first_imgFacebookTwitterWhatsAppEmail The Office of Disaster Preparedness and Emergency Management (ODPEM) says it is taking its preparations for Tropical Depression Tomas “very seriously,” despite the fact that the system has been weakening.At a press conference hosted by the ODPEM at its offices in New Kingston, today (November 3), Director of the Meteorological Service, Sylvia McGill, informed that over the last 12 hours, the system had been downgraded to a tropical depression.She said the system had slowed down to five miles per hour, with its highest winds at 35 miles per hour, triggering a downgrade of the Met Office’s warning from a Hurricane Watch to a Tropical Storm Watch.However, Director General of the ODPEM, Ronald Jackson said the agency is still putting in place all the necessary measures, given that the weather system is forecast to strengthen.“The system is still within our territorial water. We are still within the probability cone and as such we have to be prepared for any eventuality. So, for us we are planning for a worst-case scenario, in this case, impact from a hurricane category one, perhaps two, then we will work our way back in terms of the various scenarios,” he explained.He said the ODPEM is moving ahead with plans to establish the national Emergency Operations Centre (EOC), and that it would be collaborating with its various partner agencies to staff the centre as of tomorrow (November 4).Mr. Jackson said that all Parish Disaster Committees have been activated. However, he said the ODPEM, for the moment, would be concentrating most of its efforts on the eastern end of the island, where it is predicted Tomas will have the greatest impact.He informed that a budget has been set aside for each parish to take care of expenses associated with operating shelters for at least two days, adding that a list of shelters will be placed on its website as well as disseminated throughout the parishes.The Red Cross, which will be manning most of the shelters, says it has already been in contact with its regional and international partners with a view of receiving help if needed. It said some of its supplies were used up following the passage of Tropical Storm Nicole, and that these would be replenished with supplies which should arrive from Panama by Friday.Meanwhile, Mr. Jackson said the ODPEM has already pre-positioned supplies in preparation for the storm and that arrangements are also being made to airlift food into areas which might be cut off as a result of the passage of Tomas. He is advising Jamaicans to ensure they stock up on hurricane supplies and ensure that they store enough water for each family member and pets for at least seven days.The ODPEM head said the office has already started sending out public advisories through the media and that as of today it will start sending advisories by text messages. He said the ODPEM would also be making a spokesman available to provide consistent updates to the public on the situation.Mr. Jackson is also advising Jamaicans to evacuate if they live in flood-prone areas and not to attempt to cross flooded waterways. In addition, he advised fishers to return to land and secure their boats. RelatedODPEM on all systems for Tomas Advertisements RelatedODPEM on all systems for Tomascenter_img ODPEM on all systems for Tomas InformationNovember 3, 2010 RelatedArchives Critical to Jamaica’s Historylast_img read more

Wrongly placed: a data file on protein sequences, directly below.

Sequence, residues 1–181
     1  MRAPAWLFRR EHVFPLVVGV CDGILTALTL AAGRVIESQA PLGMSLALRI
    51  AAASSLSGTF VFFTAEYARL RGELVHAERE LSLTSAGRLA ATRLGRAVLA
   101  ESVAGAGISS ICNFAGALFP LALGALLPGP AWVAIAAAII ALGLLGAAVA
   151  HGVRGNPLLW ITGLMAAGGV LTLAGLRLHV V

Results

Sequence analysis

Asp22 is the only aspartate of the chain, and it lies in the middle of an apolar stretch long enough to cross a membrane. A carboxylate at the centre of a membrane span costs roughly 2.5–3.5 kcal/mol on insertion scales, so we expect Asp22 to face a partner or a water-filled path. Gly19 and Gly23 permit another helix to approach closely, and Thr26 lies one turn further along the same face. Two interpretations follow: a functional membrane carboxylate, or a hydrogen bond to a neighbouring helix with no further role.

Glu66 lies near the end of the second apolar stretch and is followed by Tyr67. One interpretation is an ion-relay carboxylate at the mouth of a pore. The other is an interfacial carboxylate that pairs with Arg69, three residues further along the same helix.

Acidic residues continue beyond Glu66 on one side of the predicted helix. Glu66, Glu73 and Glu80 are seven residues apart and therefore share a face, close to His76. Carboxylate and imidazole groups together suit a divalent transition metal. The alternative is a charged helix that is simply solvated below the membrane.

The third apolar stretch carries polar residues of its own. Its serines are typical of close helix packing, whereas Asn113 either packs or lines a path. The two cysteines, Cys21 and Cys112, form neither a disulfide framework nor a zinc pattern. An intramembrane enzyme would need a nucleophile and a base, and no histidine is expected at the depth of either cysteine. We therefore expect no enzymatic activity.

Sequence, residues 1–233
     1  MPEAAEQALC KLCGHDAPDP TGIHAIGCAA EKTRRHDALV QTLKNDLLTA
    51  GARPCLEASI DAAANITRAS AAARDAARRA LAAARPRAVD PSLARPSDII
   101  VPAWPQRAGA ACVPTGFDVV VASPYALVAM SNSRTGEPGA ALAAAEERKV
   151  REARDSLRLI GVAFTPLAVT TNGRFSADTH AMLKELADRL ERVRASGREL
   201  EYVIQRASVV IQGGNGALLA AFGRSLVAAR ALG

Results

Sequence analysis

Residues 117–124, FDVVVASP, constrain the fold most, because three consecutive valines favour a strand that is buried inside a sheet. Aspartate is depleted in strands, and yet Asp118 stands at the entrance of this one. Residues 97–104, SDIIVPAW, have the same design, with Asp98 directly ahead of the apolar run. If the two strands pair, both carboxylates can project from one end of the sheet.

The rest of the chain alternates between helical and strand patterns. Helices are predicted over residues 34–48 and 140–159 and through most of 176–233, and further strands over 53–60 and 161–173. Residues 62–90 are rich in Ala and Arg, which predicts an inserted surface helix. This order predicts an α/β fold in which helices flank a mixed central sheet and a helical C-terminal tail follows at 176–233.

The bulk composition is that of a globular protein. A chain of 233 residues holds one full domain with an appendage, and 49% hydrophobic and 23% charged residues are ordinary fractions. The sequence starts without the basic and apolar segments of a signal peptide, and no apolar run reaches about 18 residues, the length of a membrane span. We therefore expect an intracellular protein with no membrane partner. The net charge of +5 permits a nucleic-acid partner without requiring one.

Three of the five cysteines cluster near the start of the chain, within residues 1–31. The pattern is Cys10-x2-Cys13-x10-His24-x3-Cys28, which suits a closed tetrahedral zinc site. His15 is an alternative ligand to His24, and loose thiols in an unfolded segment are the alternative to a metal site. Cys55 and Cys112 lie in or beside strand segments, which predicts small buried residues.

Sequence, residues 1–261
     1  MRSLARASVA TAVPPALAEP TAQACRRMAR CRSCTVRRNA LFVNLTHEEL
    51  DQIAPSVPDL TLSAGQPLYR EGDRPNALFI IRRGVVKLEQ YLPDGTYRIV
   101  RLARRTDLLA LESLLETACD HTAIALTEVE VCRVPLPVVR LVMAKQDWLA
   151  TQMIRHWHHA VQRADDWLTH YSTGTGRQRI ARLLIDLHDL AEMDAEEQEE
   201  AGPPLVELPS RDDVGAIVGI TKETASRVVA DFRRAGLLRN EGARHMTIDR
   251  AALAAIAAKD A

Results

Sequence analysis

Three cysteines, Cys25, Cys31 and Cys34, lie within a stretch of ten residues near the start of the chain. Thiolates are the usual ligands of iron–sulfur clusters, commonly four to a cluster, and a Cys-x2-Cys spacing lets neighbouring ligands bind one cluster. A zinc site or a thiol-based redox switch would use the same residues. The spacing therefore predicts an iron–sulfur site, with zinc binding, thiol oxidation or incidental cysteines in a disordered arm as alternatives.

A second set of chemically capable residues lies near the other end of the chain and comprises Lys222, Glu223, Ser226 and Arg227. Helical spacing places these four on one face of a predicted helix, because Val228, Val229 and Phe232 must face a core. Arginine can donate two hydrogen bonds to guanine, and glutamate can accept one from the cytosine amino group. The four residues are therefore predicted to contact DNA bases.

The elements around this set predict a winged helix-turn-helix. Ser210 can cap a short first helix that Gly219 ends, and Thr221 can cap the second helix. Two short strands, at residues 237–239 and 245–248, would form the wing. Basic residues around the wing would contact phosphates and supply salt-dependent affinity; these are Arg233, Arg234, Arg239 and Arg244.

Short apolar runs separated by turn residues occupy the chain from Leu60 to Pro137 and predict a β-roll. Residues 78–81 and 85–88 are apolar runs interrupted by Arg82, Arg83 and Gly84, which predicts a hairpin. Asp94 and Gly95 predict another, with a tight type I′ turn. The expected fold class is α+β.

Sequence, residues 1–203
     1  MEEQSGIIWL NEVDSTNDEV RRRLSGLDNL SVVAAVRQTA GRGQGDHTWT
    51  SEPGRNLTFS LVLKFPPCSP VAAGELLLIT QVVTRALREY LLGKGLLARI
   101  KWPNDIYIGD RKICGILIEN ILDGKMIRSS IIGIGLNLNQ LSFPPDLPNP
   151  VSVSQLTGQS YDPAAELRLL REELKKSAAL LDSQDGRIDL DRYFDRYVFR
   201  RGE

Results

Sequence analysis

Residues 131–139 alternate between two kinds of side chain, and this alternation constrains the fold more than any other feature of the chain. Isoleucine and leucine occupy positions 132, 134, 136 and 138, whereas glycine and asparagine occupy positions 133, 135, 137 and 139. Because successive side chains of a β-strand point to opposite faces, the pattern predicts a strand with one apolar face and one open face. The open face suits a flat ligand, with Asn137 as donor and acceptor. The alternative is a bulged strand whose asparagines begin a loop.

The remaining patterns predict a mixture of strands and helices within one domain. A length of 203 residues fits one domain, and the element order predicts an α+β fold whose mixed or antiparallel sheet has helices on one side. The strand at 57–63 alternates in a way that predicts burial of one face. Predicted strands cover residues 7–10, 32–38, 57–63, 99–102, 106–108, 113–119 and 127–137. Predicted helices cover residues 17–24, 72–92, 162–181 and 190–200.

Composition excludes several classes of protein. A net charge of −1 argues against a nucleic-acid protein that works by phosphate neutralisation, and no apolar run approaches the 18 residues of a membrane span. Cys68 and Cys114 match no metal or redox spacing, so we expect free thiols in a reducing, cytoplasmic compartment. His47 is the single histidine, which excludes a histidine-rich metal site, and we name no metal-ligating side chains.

Ant Financial hails Alipay service expansion

first_imgHomeLatest Stories Ant Financial hails Alipay service expansion Alipay’s parent company revealed it successfully sold advanced financial services including credit, micro-finance and wealth management tools to 80 per cent of the brand’s user base in China.Speaking at affiliate Alibaba’s investment day, Ant Financial CEO Eric Jing said as of the end of June the vast majority of Alipay users had accessed services in at least three of its five core categories.The five segments are payments, wealth management tools, micro financing, insurance and credit. Jing added 40 per cent of its 900 million-strong base in China had used all five.Alongside rival Tencent, Alipay dominates China’s mobile payment sector and since 2016, has been pursuing its “globalisation strategy”.This includes signing merchant deals so domestic customers can continue to use its mobile payment service in other countries and partnering with local ventures to increase its reach into other markets.During the event, Jing said that as a result of partner agreements its global footprint had grown to cover 1.2 billion users globally. Subscribe to our daily newsletter Back Chris Donkin AlipayEric Jing Author AddThis Sharing ButtonsShare to LinkedInLinkedInLinkedInShare to TwitterTwitterTwitterShare to FacebookFacebookFacebookShare to MoreAddThisMore 24 SEP 2019 Chris joined the Mobile World Live team in November 2016 having previously worked at a number of UK media outlets including Trinity Mirror, The Press Association and UK telecoms publication Mobile News. After spending 10 years in journalism, he moved… Read more Previous ArticleQualcomm tips Germany to lead on 5G industrial IoTNext ArticleAirAsia chief unveils lofty fintech goal Tags last_img read more